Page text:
Declinatio verborum Sanskritorum in linguâ Latinâ? Recensere

Pluralis "vedae"-ne iustum est? Verbum Sanskriticum veda-h masculinum est, cum terminatione -ah qui ad terminationem Latinam -us, -i correspondet: Latine -us, -a, -um = Sanskritice -ah, -âh, -am.

Scripturae sacrae Hinduismi Recensere

"Vedae" scripturae sacrae Hinduismi SUNT sed non ut Biblia Sacra: sunt preces deorum antiquorum, quis nonnullis homines utentur; sed hodie veneratissimi dei (Vishnus [-ûs], Shivas, Magna Dea, Ganeshas) in Veda non vel pauce apparent, et dei antiqui hodie vel non venerantur vel dei naturales sunt ut Indras, deus imbris. Totalitas scripturarum sacrarum Hinduismi "shrûtî" nominatur, id est "audita": veteres putabant preces et doctrinas sacras in mundo ESSE et viro sancto audiri posse. Shrutis (-is f.) consistit: - vedîs,
- brahmanis (brahmana-h, non brâhmana-h = sacerdos), id sunt regulae sacrificiis veteris,
- upanishadibus (upa-ni-shad = ad-ab-sedere = "assessio" [cum philosopho magistro]), in quo ex speculationibus de sacrificio philosophia identitatis animae personae cum animae mundi (vel cum Deo Unico) evolvitur,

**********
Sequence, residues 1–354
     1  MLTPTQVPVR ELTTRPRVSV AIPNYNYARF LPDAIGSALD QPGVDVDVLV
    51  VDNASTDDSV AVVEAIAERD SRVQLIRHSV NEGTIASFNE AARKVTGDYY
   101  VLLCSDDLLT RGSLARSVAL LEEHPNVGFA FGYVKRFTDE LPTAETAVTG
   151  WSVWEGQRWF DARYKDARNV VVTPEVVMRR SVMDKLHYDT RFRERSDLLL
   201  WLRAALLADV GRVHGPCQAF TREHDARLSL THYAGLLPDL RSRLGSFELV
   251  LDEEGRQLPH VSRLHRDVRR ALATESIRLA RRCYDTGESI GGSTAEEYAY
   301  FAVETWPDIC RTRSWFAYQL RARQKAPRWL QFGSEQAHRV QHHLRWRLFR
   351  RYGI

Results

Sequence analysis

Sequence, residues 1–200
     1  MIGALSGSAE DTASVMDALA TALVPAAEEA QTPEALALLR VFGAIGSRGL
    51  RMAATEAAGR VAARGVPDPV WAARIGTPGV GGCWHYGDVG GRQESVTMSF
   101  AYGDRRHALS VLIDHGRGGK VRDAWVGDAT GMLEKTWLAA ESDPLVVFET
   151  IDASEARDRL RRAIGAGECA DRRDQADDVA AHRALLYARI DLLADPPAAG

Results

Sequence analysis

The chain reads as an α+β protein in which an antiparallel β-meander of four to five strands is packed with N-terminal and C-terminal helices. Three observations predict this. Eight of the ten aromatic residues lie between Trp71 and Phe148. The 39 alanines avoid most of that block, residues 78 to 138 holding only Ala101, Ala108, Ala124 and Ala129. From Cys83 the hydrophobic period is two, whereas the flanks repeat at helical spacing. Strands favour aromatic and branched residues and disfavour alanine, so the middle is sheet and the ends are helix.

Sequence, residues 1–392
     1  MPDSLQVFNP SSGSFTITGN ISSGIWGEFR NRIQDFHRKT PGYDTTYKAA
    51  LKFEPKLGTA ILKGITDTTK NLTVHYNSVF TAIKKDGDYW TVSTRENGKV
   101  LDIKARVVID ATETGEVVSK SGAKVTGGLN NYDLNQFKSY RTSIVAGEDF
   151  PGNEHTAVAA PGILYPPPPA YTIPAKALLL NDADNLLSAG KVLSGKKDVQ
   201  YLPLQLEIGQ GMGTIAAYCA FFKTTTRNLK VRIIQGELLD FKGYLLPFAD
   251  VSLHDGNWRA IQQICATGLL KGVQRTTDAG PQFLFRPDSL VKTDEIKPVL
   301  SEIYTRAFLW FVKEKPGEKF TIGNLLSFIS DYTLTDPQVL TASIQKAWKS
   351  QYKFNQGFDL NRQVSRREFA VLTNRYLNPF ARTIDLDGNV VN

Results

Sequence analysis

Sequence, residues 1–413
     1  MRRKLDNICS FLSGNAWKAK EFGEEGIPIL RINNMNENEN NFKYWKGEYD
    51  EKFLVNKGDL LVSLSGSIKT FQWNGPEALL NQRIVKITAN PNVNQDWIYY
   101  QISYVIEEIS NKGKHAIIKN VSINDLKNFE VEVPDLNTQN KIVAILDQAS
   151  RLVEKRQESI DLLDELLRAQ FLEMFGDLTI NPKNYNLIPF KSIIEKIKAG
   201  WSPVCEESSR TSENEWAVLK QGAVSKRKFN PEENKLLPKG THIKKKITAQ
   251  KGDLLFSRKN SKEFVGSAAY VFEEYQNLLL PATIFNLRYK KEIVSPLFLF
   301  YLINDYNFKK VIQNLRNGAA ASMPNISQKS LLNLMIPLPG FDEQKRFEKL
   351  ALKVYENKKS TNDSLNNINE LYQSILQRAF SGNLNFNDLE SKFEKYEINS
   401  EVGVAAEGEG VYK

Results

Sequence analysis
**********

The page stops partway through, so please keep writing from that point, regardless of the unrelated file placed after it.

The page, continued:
- Manusmriti, id est codex moralis.

Sed pro devotione hominum libri "traditionis" (smritî, -is f.) shrutî magis valent: id sunt 18 libri Puranae ("Veteres"), in quis acta Deorum narrantur, et duo epoi magnae "Ramâyanas" et "Mahabharâtas", qui etiam acta deorum et heroum narrantur.

curryfranke141.13.21.125 23:11, 22 Iunii 2009 (UTC)Reply[reply]

Contribui Recensere

Paginas Hinduismus et Religio Induica contribuendas contribui! Sed de optimo titulo nescio. Andrew Dalby (disputatio) 19:48, 3 Aprilis 2010 (UTC)Reply[reply]

De nomine (rursus) Recensere

Inter "Hinduismus" et "Categoria:Induismus" (Hi- et I-) dubitavimus. Nomen Sanscriticum est "Hindūdharma" (religio Hindu), et in linguis subcontinentis hodiernis haud dissimiliter. Igitur propono Hi- (etc.) apud nos praeferendum. Andrew Dalby (disputatio) 19:56, 13 Decembris 2012 (UTC)Reply[reply]

Systema brahmanicum, liturgicum mythologicum civile ex monumentis indicis musei Borgiani velitris dissertationibus historico-criticis  Recensere


Rajmaan (disputatio) 22:09, 30 Decembris 2012 (UTC)Reply[reply]

Revertere ad "Hinduismus".